This post is somewhat different than my others. Most of the other posts get into uses of wireless technology that may or may not improve upon their wired counterparts. This post discusses the decidedly low-tech process I use to make coffee. If this sounds as interesting as listening to your neighbor at the block party droning about his home beer making operation, read no further. However, if the intricate process of making coffee is your thing, read on.
First, a confession. My senses are dull – I don’t hear, see, or taste well at all. In fact, my ability to discern nuanced tastes seems bottom 10%. If coffee has a “fusion of orange and chocolate notes” or a “lingering caramel and wine-like berry finish” or “balanced acidity with hints of apricot” the only thing that doesn’t escape me are the pretentiousness of these coffee statements. The rest is lost on me – I can’t taste any of it. I can, however, taste the difference between swill and a good cup of coffee.
My wife is a tea drinker and I drink one cup of coffee and don’t drink it throughout the day. My process is entirely manual and goes like this:
- Boil water on the stove in a regular, old kettle. This is the only electric part of the process and the water is typically shared with my tea-drinking wife.
- Scoop some of my single origin, organic, shade grown beans from a farm with a privileged microclimate, where workers are treated with respect and paid a fair wage, from an Airscape Coffee and Food Storage Cannister. Note that these are the only socially acceptable beans in the Silver Spring/Takoma Park area.
- While the water is boiling, grind my fancy beans in a Hario Mini-Mill Slim Hand Coffee Grinder. Yes, an electric grinder is faster and more efficient, but it’s important not to distress the beans with the harshness of the electric burr grinder – no one wants to consume the oil from distressed beans! It takes a surprising amount of elbow grease to grind beans for one cup of coffee. So I know that if I do nothing else in a day, I’ve burned 10 calories grinding my coffee.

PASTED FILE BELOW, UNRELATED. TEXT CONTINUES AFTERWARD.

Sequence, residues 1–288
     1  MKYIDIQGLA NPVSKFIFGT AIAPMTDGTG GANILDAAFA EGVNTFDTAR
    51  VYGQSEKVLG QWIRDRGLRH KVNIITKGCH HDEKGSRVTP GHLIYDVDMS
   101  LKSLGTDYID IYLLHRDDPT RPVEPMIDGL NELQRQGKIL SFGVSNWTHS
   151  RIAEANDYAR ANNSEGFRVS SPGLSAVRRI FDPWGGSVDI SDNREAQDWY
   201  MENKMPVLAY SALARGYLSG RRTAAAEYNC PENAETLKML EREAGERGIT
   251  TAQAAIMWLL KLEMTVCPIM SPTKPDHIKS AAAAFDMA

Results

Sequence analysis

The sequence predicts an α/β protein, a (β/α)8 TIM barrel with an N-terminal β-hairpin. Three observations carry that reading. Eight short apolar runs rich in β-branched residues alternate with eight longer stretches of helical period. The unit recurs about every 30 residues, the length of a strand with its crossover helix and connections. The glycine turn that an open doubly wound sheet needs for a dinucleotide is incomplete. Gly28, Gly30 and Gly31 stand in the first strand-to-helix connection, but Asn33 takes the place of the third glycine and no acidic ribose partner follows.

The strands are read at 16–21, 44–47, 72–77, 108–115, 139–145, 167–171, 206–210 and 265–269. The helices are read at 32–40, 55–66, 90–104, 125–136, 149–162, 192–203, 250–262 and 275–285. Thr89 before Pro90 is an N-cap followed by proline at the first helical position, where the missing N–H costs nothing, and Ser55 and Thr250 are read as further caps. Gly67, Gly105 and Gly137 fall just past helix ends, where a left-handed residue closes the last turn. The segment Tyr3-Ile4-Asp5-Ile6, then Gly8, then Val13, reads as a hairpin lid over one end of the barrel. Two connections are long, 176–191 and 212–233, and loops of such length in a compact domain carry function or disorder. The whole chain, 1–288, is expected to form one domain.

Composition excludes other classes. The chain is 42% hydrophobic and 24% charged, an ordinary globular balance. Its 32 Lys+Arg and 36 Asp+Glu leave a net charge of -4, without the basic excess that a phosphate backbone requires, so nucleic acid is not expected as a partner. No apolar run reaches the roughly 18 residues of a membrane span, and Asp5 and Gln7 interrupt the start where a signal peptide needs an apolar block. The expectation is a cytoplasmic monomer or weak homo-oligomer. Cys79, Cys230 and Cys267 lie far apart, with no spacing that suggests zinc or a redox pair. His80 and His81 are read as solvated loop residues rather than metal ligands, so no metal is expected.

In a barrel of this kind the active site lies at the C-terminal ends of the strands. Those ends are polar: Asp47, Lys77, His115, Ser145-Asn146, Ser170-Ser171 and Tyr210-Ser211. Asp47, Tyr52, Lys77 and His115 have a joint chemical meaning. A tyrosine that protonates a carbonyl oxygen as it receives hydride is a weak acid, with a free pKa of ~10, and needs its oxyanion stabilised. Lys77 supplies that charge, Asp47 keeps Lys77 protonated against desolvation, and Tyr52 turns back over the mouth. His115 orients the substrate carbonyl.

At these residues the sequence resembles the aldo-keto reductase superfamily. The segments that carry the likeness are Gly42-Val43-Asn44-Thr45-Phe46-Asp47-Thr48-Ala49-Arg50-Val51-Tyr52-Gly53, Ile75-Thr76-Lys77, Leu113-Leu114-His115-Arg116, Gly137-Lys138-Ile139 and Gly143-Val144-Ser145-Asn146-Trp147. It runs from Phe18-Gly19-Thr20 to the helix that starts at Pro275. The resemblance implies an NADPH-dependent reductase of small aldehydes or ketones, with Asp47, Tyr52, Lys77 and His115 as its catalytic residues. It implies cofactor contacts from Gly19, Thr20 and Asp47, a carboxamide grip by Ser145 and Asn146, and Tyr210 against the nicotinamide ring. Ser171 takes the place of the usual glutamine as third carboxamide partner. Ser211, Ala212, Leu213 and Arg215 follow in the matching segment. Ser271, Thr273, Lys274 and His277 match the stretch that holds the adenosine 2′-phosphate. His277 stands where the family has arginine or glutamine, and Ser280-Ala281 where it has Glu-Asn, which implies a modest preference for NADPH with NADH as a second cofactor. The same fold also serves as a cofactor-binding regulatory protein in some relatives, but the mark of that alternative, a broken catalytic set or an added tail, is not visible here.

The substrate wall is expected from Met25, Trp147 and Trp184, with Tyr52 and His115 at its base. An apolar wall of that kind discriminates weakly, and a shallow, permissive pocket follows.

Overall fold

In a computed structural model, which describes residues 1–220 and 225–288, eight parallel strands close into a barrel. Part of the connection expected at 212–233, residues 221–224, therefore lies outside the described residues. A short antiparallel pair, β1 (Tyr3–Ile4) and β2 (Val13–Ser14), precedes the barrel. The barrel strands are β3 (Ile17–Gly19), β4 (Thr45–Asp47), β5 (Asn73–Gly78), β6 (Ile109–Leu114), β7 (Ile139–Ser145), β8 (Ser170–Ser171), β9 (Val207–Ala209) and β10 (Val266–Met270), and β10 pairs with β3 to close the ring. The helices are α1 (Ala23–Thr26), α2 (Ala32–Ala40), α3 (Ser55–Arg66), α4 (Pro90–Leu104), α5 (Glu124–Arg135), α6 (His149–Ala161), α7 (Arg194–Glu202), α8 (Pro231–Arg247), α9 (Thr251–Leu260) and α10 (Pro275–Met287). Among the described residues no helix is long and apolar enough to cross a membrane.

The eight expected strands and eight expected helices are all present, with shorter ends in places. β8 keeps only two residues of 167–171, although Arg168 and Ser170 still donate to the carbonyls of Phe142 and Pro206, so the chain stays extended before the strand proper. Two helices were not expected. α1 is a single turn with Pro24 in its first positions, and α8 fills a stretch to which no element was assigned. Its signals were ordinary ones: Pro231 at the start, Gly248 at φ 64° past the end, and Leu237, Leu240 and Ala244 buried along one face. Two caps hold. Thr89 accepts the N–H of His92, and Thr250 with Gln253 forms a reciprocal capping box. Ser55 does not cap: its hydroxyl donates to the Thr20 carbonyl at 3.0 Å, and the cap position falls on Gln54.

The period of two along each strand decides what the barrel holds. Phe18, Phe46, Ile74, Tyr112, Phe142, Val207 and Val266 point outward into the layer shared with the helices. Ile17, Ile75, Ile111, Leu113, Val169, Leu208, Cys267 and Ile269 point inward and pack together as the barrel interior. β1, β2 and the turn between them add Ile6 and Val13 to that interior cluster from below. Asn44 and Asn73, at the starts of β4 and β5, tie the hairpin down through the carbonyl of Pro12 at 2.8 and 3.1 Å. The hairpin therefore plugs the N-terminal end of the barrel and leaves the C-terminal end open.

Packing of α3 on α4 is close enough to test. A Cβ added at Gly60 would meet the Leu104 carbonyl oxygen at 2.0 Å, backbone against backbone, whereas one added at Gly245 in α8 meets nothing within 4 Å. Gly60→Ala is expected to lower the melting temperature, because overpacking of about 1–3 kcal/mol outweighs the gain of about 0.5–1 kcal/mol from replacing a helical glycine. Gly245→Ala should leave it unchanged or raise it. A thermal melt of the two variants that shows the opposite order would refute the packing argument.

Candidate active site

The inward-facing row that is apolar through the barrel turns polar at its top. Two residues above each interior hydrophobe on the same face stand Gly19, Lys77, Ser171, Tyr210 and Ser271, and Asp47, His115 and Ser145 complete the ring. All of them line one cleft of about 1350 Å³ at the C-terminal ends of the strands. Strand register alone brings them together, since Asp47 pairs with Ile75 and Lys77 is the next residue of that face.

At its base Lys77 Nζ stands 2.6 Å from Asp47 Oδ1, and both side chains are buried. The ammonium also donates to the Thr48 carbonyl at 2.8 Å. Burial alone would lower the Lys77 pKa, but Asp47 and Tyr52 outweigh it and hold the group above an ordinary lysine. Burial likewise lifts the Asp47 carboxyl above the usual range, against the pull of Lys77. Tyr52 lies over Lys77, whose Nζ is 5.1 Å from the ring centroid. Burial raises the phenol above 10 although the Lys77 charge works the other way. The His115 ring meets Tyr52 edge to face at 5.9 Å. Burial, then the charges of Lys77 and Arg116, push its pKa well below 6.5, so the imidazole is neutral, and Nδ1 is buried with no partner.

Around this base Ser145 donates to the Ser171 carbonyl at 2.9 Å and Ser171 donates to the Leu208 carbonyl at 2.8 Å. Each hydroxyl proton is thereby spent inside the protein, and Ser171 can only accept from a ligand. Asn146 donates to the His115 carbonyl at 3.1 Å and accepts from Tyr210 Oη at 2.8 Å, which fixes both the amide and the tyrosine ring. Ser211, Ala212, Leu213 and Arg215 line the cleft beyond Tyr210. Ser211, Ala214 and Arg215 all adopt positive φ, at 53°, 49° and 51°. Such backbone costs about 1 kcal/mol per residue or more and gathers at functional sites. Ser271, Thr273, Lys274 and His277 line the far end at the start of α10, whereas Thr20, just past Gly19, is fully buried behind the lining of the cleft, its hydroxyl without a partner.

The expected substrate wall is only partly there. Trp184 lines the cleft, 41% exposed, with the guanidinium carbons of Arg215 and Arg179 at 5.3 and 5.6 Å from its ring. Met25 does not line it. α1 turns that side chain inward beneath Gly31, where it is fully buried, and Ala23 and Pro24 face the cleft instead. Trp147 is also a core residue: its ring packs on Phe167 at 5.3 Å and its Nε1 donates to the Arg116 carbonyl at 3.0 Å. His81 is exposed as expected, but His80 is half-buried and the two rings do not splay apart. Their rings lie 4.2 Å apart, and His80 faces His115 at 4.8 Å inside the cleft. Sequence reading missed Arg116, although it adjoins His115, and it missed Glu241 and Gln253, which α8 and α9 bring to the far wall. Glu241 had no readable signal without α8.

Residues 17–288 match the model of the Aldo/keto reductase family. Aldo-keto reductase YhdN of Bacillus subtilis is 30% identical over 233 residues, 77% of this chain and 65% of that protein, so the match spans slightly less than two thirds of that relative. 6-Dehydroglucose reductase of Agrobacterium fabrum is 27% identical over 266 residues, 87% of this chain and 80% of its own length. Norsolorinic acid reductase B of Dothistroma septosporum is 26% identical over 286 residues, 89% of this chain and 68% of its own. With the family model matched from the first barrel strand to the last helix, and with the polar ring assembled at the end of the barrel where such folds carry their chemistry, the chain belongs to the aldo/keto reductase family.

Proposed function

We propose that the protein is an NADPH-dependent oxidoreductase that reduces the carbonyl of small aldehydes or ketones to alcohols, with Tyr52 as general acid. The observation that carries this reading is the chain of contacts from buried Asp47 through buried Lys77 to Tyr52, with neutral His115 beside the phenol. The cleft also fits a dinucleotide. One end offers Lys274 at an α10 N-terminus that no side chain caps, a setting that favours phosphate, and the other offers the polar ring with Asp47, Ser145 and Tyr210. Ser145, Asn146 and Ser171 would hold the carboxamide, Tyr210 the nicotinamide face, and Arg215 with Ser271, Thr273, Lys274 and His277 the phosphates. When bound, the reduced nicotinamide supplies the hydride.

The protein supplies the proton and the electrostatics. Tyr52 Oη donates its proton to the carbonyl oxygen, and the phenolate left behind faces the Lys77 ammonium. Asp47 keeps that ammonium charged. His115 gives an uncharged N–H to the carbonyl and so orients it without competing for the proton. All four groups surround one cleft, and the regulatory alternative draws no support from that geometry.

- Place a Bee House Ceramic Coffee Dripper with a #1 filter on top of a coffee cup
- When the water is boiling remove the kettle from the stove and transfer the water to a Hario Buono V-60 Pouring Kettle
- Gently (and lovingly) pour the water over the grounds until the cup is filled.
- Cleanup is the quick part – toss out the grounds and rinse the Bee Dripper.
If your first reaction to all of this nonsense is, “Why would someone who claims to have no taste buds go through all of this for a cup of coffee? Just buy a Kuerig and shut up about your process,” you have hit upon the question I ask myself every day. It’s a very slow routine to make a single cup of coffee that could only be made slower if I also went through the roasting process. A friend bought a hot air popcorn popper solely to roast beans; it sounds like a sticky, smelly mess, but I admire his fortitude. Japanese tea ceremonies can occur faster than my procedure. Whenever I go through this process I think of the scene in Willy Wonka and the Chocolate Factory where the immense machine wheezes, belches, and smokes only to produce the tiny everlasting gobstopper. The analogy doesn’t go too far because it turns out that the everlasting gobstopper is the lynch-pin of the movie whereas my coffee process amounts to a large amount of effort for something insubstantial.
Although this post espouses a time-consuming approach that replaces an easy one, it fits into the Tyranny of the Cord ethos – replacing corded solutions with cordless ones. With the exception of the electricity required to heat the water, the rest is cordless and could have been replicated by frontiers-people (provided they had access to fancy Japanese imported products). Furthermore, like my other posts, the point here is not about saving time – it’s about enjoying the aesthetics of the process; sometimes, I just have to channel my inner-Gwyneth.
The conclusion I draw is that as a human I need to abide my inconsistencies. Although I devote a lot of attention and energy to finding more efficiencies in my life, I enjoy this time-consuming ritual enough to continue it. Each piece of the process is simple and utilitarian, but there is elegance in simplicity. I love the smell and feel of hand-grinding the beans and appreciate the delicate curve of the thin, goose-neck kettle, and the feel of the ceramic dripper. The process results in one cup of coffee with no leftover.
In the end, the coffee I make is good, maybe even great, and I do like it more than most coffee I can buy elsewhere. If I use my imagination, I might even detect a floral hibiscus finish. Of course, it’s not for everyone, especially those who drink coffee all day long. I look forward to hearing about other’s over-the-top processes for brewing the perfect coffee.